We are pumping our fracking effluent into old abandoned wells as we have globs of them. China does not, so where will their fracking waste go? Rivers & stream? Dumped on the ground?

      With corruption and weak oversight this can get hazardous quickly, especially as they’re embracing and engaging in Fracking at “China speed”.

      • We have a bad methane leak problem here. You can probably multiply that by 2 or 3 for China once you consider the lack of oversight.

    • There’s more than enough nat gas out there to keep wrecking the climate system. Sure. It’s better than coal. But if you’re going to spend funds on a transition, you might as well just go all the way.

      This is one point where I completely disagree with Obama.

      • Apneaman

         /  October 9, 2014

        It’s like switching from heroin to opium and bragging about it.

        • We build these nat gas plants and we lock in their emissions for the next 40 years at least. In some cases, we will lock in emissions for nearly a century. We shouldn’t be locking in any new emissions at all. We should be curtailing the current fleet of fossil fuel emitting industry and not building new fossil fuel emitting sources.

          It’s just a massive mistake.

  7. Why do you say that CO2 rose to 481 PPM when maximum was 401 in June this year? Is it a typo or I misunderstand something?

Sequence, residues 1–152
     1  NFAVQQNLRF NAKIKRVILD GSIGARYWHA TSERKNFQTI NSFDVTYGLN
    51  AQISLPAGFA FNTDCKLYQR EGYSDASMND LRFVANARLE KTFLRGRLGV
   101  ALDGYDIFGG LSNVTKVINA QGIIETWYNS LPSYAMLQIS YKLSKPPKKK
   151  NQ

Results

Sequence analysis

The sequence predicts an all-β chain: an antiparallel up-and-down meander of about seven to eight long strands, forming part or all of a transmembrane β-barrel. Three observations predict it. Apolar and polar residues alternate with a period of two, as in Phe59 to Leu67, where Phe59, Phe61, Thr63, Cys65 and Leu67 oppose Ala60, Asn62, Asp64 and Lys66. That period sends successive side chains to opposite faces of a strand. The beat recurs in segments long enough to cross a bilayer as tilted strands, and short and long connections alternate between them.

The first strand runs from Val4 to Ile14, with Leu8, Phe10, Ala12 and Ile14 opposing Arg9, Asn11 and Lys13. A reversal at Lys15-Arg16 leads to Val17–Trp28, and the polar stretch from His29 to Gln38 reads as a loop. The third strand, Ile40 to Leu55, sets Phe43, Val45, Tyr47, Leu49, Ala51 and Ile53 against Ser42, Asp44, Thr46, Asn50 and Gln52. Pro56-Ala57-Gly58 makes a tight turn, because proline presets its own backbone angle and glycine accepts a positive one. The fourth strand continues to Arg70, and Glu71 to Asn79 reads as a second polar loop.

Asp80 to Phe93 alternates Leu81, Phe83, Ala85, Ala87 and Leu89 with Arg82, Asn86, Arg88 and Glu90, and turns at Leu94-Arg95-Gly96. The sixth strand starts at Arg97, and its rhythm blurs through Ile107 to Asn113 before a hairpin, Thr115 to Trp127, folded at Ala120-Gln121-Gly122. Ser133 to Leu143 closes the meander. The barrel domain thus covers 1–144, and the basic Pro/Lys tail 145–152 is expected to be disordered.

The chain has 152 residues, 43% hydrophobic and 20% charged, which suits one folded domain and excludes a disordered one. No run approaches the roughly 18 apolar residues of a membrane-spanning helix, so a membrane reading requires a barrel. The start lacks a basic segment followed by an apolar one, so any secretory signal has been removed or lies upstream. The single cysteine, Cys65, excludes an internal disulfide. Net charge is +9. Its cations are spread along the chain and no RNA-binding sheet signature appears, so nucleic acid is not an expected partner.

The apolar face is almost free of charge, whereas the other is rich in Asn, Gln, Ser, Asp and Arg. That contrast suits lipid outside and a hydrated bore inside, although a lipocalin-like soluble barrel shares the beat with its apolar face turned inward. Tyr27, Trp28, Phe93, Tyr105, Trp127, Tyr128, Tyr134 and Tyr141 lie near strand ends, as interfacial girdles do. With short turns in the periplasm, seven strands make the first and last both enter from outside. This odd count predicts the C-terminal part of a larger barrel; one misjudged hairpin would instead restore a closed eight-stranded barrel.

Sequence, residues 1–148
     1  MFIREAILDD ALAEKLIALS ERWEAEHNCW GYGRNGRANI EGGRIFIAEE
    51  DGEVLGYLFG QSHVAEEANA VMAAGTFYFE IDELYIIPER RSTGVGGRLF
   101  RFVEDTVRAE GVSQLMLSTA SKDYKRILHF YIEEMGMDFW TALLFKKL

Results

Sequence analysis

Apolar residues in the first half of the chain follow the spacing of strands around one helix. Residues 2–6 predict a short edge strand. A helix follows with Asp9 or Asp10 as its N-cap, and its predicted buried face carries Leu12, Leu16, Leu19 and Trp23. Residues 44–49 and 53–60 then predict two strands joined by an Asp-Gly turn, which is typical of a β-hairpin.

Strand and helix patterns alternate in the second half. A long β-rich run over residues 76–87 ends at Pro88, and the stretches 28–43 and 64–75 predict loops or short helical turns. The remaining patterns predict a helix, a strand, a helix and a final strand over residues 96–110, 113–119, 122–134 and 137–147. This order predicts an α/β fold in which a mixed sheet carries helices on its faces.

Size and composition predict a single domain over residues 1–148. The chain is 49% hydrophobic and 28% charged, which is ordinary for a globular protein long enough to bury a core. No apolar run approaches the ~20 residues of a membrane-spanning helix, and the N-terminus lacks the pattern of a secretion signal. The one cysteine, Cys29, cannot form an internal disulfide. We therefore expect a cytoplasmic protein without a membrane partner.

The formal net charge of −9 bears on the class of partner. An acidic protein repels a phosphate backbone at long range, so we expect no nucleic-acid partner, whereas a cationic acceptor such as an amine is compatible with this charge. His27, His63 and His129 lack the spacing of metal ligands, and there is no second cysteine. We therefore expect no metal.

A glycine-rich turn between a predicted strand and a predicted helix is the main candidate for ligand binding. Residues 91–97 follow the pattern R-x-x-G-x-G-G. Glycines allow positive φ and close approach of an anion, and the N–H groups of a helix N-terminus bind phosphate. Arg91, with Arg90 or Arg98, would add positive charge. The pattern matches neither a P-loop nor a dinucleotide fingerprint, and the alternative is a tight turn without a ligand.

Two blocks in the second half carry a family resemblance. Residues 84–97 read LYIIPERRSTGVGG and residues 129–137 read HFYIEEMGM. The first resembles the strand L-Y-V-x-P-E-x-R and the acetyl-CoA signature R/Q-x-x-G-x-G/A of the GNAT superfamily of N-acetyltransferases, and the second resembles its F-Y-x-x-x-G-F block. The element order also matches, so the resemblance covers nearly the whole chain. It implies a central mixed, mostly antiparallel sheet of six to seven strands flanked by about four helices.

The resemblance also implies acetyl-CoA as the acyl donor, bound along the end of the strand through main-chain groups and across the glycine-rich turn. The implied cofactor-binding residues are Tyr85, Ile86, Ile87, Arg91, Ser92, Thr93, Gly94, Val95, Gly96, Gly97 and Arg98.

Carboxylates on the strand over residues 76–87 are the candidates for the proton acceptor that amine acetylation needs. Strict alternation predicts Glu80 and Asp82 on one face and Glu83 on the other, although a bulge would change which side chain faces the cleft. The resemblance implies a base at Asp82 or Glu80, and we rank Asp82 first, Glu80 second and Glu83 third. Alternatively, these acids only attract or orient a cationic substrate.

• CO2 equivalent heat forcing. It’s the total greenhouse gas measure including methane, nitrous oxides and other greenhouse gasses on top of CO2.

      So if you add the radiative forcing of all these gasses together with CO2, you get a 481 CO2e forcing at the top of the atmosphere.

      It’s worth noting that though CO2 is the primary driver, these other gasses provide a pretty significant addition as well.

    • joni

       /  October 9, 2014

      I don’t think so just yet because this ice is young and lacks the staying power of multi-year ice and it would be largely wiped out if melt conditions are comparable to those in 2007 or 2012 in either 2015 or 2016.

    • So PIOMAS has returned to the linear base line for the long term melt trend. And if you look at the ice, the only region showing real ‘recovery’ is the Central Arctic. Looks a bit like a final stand…

      Between the linear and the exponential we are looking at 2017 to 2035. Into this equation we need to add the value of increasing fresh water outflows from Greenland and from swelling Arctic rivers.

      The decline will probably be anything but clean and clear…

  8. Nancy

     /  October 9, 2014

    I wonder………at what point do the deniers start to worry? They cannot possibly read this information and continue to live in their la-la land of climate change denial. Even deniers have feelings for their children and grandchildren. Will it take a category 6 hurricane in their neighborhood to change their beliefs?

    Thank you, Robert, for keeping us up-to-date on the science!

    • Nancy, you would be stunned at the denial bubble they surround themselves with. All you have to do is read the comments following an article, or grit your teeth and read a few pieces that they shove into the news sphere (google news->climate change). I do this a few times a week just to gauge what new straw they are clutching at.